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    ABSTRACT: Total or near-total loss of insulin-producing β-cells occurs in type 1 diabetes. Restoration of insulin production in type 1 diabetes is thus a major medical challenge. We previously observed in mice in which β-cells are completely ablated that the pancreas reconstitutes new insulin-producing cells in the absence of autoimmunity. The process involves the contribution of islet non-β-cells; specifically, glucagon-producing α-cells begin producing insulin by a process of reprogramming (transdifferentiation) without proliferation. Here we show the influence of age on β-cell reconstitution from heterologous islet cells after near-total β-cell loss in mice. We found that senescence does not alter α-cell plasticity: α-cells can reprogram to produce insulin from puberty through to adulthood, and also in aged individuals, even a long time after β-cell loss. In contrast, before puberty there is no detectable α-cell conversion, although β-cell reconstitution after injury is more efficient, always leading to diabetes recovery. This process occurs through a newly discovered mechanism: the spontaneous en masse reprogramming of somatostatin-producing δ-cells. The juveniles display 'somatostatin-to-insulin' δ-cell conversion, involving dedifferentiation, proliferation and re-expression of islet developmental regulators. This juvenile adaptability relies, at least in part, upon the combined action of FoxO1 and downstream effectors. Restoration of insulin producing-cells from non-β-cell origins is thus enabled throughout life via δ- or α-cell spontaneous reprogramming. A landscape with multiple intra-islet cell interconversion events is emerging, offering new perspectives for therapy.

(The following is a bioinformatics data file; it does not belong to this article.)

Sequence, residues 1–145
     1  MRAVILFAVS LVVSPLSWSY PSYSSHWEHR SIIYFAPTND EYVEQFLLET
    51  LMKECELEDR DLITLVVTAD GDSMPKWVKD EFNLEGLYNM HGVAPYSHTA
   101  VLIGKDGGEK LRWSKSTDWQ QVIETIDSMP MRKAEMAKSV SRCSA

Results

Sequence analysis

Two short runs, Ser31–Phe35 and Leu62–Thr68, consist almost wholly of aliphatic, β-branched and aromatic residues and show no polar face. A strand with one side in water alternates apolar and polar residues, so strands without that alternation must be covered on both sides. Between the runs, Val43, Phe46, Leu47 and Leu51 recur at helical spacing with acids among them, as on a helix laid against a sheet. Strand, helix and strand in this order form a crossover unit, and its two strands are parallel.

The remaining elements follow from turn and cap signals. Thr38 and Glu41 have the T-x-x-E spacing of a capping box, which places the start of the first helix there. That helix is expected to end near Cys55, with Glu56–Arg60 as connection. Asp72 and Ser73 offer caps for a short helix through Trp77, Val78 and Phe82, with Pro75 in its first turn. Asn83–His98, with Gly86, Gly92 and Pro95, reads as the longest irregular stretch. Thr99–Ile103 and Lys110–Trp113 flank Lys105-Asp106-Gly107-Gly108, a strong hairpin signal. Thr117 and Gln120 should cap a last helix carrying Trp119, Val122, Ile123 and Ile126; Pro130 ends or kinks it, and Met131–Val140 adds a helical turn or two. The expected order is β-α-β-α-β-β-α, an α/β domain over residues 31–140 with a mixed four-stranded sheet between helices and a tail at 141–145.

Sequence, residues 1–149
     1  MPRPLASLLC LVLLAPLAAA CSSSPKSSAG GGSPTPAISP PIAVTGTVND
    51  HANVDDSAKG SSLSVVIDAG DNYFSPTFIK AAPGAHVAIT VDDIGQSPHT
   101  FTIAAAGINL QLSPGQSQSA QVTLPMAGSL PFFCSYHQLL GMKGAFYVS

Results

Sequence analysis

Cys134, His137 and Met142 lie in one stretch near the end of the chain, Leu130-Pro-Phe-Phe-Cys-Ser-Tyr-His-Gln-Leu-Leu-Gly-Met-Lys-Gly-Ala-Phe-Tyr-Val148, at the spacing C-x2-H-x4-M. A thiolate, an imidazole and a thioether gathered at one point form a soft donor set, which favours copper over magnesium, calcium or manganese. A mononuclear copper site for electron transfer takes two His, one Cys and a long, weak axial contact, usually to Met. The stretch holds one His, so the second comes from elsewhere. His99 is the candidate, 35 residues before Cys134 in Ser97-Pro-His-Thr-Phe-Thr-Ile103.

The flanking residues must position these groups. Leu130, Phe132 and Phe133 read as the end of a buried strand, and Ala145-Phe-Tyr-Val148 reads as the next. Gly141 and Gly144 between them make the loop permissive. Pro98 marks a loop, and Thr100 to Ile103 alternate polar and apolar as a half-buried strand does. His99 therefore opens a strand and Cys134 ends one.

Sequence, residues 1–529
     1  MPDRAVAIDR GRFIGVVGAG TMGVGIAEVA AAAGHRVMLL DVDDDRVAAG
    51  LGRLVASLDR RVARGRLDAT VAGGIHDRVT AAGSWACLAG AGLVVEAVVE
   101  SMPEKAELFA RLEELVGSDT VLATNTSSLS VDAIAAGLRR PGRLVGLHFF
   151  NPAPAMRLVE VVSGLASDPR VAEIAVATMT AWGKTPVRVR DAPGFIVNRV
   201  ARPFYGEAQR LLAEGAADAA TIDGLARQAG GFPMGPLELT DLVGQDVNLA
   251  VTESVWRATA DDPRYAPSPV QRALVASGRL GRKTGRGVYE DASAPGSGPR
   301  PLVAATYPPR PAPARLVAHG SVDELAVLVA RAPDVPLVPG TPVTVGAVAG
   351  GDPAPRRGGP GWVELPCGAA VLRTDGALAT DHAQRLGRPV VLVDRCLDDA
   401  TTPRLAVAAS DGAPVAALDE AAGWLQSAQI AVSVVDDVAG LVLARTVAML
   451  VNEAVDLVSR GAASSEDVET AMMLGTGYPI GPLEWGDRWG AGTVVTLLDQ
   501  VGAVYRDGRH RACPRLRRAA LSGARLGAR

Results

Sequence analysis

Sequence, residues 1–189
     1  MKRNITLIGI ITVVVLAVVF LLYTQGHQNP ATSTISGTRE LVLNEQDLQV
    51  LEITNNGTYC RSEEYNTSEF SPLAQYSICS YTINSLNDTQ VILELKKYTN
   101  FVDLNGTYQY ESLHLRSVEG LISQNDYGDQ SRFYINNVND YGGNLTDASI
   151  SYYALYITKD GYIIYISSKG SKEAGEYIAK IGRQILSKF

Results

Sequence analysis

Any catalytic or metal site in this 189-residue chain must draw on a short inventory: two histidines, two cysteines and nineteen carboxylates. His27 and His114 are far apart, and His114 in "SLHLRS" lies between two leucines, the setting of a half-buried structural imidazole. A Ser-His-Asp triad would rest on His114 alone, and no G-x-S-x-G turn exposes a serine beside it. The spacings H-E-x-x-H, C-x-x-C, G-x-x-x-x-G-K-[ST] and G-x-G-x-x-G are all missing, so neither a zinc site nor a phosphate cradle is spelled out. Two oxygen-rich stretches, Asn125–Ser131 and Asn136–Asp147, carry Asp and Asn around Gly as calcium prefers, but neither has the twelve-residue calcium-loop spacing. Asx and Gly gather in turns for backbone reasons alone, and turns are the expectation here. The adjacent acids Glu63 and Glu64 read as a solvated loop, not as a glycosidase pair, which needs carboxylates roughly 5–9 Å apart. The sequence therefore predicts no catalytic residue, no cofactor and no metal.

Nature 08/2014; · 38.60 Impact Factor